In Korea the South was kept in tact. But at what cost? 38,000 K.I.A.’s and 30 or 40 thousand troops and their equipment in place for 60 years. Mega-bucks spent and still the threat of the North Koreans going off the rails is very real.

    In the Nam, America bailed out totally and the country went Commie sure, but it is fairly stable and is not a real threat to America. As a matter of fact my New Balance shoes are made by the dinks.

    In regards to Afghanistan I still say; even if the politicians would have stayed out of the equation completely right from the get-go, the 2012 sandbox would be more like 2012 Korea than 2012 Vietnam. Decades upon decades of a very unstable situation. You can completely conquer a country with such a fragmented society and an antediluvian culture.

    It’s the insane Islamic “religious” ideology fuelled by ignorance that is the real catalyst for an un-ending struggle.

  • Toejam says:

    Re: above comment-

    “You can completely conquer a country with such a fragmented society and an antediluvian culture.”

    Should read: CAN’T, not can.

  • GeekLethal says:

    Eh, if female soldiers are passing the same PT tests as the males and can otherwise do the job at hand, I don’t see the trouble.

    I looked at the article and it seems they are allowing certain slots at Bn HHCs to women as well as MLRS crews, FA fire direction, and a couple flavors of mechanecks.

    • 11 Bravo says:

      I looked at the article and it seems they are allowing certain slots at Bn HHCs to women as well as MLRS crews, FA fire direction, and a couple flavors of mechanecks.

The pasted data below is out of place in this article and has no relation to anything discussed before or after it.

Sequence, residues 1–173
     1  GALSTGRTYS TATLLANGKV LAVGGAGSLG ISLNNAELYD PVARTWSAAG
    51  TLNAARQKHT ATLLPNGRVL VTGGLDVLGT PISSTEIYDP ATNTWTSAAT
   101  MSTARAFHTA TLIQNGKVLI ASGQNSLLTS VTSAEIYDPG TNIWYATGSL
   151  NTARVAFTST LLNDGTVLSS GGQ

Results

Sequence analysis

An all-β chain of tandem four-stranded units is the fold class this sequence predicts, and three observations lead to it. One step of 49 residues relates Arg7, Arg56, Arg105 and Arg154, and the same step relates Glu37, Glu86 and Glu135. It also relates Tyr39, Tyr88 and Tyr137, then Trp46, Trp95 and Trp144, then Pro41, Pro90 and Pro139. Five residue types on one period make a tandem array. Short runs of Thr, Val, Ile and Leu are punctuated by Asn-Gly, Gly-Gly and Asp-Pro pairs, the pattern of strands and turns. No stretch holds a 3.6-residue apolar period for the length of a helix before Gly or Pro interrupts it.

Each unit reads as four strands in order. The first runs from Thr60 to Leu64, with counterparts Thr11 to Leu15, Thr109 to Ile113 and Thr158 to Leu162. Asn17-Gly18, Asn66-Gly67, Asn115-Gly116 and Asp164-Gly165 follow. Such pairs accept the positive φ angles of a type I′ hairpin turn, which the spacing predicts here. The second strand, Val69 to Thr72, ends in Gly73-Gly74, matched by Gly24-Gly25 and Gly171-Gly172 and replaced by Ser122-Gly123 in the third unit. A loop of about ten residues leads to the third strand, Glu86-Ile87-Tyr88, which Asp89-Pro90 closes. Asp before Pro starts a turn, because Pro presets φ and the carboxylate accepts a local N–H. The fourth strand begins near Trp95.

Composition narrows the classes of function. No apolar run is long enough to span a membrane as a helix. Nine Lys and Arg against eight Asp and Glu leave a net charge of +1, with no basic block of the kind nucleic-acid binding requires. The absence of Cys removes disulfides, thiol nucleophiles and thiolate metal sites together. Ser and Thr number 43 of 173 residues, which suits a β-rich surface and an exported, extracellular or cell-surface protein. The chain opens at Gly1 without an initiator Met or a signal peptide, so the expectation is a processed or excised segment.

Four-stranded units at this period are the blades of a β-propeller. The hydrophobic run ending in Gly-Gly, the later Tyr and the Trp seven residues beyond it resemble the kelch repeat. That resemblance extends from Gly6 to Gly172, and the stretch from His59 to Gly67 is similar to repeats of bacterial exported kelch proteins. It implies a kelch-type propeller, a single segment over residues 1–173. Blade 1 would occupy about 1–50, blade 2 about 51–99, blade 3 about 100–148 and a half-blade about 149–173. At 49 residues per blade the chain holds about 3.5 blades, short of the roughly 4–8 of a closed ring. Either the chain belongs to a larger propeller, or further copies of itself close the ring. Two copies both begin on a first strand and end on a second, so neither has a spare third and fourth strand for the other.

First, don’t believe this. The people pushing this won’t stop until women can serve in every branch including the infantry. They are just smart enough to not go for the whole shebang in one shot. Remember the gay rights struggle. When it started no one every mentioned gay marriage, gay adoption, gays as a distinct civil rights category and gays serving openly in the military. The only thing on the agenda was to arrest people who physically bashed homosexuals in the street, and to get the cops to stop raiding their clubs.

      Women in male units are a distraction and they will not pull their own weight. As for standards, they will not hold them to the same standards as men. Or they will water down the standards to ensure enough women can qualify.

      Any CO will be under tremendous pressure to alter standards to ensure slots open to women are filled by women. If a CO goes up for promotion and it is discovered that his unit doesn’t have as many women as a related unit, he could be branded sexist and not promoted. So COs will probably allow slack women to fill a certain number of positions just to avoid the possibility of derailing their career.

      • GeekLethal says:

        11B,

        There are a few points in your post that made me think.

        -I can’t say what a given leader might do. I have, and I suspect you have, seen leaders buckle over stuff like this before. Maybe some would succumb to pressures you mention in your last paragraph.

        -Women in male units are a distraction: Sometimes, I agree. But we have to trust in the professionalism of the force that the job will be done. What else can we do? Folks who can’t deal will be corrected, no doubt. He77, they already are.

        -Watering down qual standards: Well, I can only come at this from my own experience, which admitedly is 20 years old. My MOS was/is open to both sexes. They could do the job, or they couldn’t. The ones who couldn’t, male or female, were sent to a different AIT and re-classed. But those were very few- after all, you wouldn’t have been offered the school if the Army thought you couldn’t do it. Don’t see why the same shouldn’t be true for the jobs they are talking about.

        I think the true measure of this program will be whether, as you point out, local commanders can indeed hold all soldiers to the same standard.